5.0 p.m.


My Lords, it is pleasant to find an important Bill like this one now before the House accepted with such unanimity by all Parties and interests in the country. It is quite right that this should be so. The Bill comes too late to save so many examples of our architectural heritage, which have already perished, but the preservation of the many that remain is becoming more and more the desire and interest of all sorts of people. It is not necessary for me to labour the point that the financial provisions are quite inadequate, for Her Majesty's Government themselves have freely admitted that. What is more important is that the Bill sets up what I feel sure is essentially the right machinery, though doubtless it can be improved later, as experience is gathered. It sets out, according to the right principles, to make a start in this important national work. Here I should like very strongly to support the noble Viscount, Lord Esher, in his hope that the passage of the Bill before the Recess will not be prevented by the tabling of a mass of Amendments which, though they may be improvements, are not vital and which may result in the loss of the Bill. In order to make sure that the machinery of the Bill is successful so far as Scotland is concerned, I should like to assure Her Majesty's Government that the National Trust for Scotland are determined to give their wholehearted co-operation and to place any experience they have at the service of the Ministry of Works and the Historic Buildings Council.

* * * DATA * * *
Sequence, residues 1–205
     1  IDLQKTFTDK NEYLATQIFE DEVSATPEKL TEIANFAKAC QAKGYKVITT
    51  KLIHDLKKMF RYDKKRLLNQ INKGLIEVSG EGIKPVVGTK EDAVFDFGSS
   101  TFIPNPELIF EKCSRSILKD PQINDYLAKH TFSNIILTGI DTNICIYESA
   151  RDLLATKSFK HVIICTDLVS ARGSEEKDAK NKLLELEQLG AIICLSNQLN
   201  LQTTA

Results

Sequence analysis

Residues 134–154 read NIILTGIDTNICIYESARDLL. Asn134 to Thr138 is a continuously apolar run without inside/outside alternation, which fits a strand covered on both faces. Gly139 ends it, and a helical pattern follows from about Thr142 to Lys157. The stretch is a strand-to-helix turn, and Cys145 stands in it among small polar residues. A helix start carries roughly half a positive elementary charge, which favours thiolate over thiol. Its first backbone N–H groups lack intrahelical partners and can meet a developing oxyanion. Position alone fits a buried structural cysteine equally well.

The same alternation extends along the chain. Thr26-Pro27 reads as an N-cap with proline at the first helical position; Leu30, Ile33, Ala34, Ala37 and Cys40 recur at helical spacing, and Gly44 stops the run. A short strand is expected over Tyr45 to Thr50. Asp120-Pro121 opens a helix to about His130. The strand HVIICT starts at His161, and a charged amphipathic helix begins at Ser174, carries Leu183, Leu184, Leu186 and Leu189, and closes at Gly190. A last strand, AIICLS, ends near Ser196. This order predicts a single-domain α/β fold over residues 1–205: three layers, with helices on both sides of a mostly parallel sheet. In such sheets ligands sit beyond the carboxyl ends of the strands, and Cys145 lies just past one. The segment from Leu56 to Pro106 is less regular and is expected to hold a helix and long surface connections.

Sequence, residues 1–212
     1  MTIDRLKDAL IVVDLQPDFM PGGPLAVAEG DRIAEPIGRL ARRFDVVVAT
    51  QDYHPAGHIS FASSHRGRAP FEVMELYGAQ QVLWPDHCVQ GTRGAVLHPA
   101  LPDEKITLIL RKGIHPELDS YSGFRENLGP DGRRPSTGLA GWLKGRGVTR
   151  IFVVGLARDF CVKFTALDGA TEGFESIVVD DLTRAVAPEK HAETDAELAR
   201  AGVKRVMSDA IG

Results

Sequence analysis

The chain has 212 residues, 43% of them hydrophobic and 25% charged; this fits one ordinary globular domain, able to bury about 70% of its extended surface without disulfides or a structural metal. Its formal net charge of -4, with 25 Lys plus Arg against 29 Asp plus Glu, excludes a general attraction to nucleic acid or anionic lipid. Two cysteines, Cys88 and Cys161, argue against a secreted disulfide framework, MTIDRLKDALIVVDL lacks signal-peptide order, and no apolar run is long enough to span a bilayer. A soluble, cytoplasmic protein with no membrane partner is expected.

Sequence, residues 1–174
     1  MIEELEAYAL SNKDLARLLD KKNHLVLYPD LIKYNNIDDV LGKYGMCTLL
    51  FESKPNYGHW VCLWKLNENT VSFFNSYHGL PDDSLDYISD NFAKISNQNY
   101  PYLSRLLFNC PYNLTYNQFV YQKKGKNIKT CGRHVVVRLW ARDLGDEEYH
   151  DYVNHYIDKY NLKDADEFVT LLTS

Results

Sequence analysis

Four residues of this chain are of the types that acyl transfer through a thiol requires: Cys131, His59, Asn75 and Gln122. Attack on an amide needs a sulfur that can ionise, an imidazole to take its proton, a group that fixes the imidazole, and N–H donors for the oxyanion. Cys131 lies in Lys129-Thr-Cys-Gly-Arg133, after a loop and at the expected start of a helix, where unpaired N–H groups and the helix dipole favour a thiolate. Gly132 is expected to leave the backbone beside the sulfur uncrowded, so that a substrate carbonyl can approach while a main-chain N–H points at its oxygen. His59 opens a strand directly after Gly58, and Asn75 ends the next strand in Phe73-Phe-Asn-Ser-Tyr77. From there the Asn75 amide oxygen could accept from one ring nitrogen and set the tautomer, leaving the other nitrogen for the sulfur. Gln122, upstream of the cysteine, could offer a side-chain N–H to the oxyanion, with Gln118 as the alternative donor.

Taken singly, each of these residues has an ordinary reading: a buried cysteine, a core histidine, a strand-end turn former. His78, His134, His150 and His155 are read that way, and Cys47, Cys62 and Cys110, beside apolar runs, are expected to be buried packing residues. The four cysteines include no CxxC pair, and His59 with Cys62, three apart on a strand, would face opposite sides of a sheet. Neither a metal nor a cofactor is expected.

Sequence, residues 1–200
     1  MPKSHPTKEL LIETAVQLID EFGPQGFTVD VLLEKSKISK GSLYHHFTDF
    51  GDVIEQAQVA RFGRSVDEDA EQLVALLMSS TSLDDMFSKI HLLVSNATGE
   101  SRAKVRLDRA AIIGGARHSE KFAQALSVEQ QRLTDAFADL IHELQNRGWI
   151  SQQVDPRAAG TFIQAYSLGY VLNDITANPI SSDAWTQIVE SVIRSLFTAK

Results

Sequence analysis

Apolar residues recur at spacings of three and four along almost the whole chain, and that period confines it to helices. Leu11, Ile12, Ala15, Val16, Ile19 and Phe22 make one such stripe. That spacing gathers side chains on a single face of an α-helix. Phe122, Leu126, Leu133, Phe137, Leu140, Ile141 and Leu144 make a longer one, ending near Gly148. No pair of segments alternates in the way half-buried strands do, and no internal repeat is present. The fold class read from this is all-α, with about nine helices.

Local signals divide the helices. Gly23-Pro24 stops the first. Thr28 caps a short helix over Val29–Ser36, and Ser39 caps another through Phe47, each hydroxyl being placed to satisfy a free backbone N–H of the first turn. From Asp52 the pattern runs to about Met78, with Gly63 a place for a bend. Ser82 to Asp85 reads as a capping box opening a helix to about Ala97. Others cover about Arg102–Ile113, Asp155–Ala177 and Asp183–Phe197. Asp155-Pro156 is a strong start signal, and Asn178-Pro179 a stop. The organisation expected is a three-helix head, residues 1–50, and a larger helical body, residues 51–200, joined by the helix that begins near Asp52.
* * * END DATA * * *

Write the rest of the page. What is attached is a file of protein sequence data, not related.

I fear that this question may be premature, but I should like to ask the noble Earl, Lord Munster, to tell us all he can about the composition and the personnel of the Historic Buildings Council, in particular, the Council for Scotland. What type of people will they consist of—how many, and how chosen? What will be the remuneration of the secretary or the chairman? Will such people as, for example, members of the Councils of the National Trusts be debarred from membership of the Historic Buildings Councils, or, on the contrary, will they be welcomed because of their experience? I am sure the House will be glad of any information that the noble Earl is able to divulge at this stage.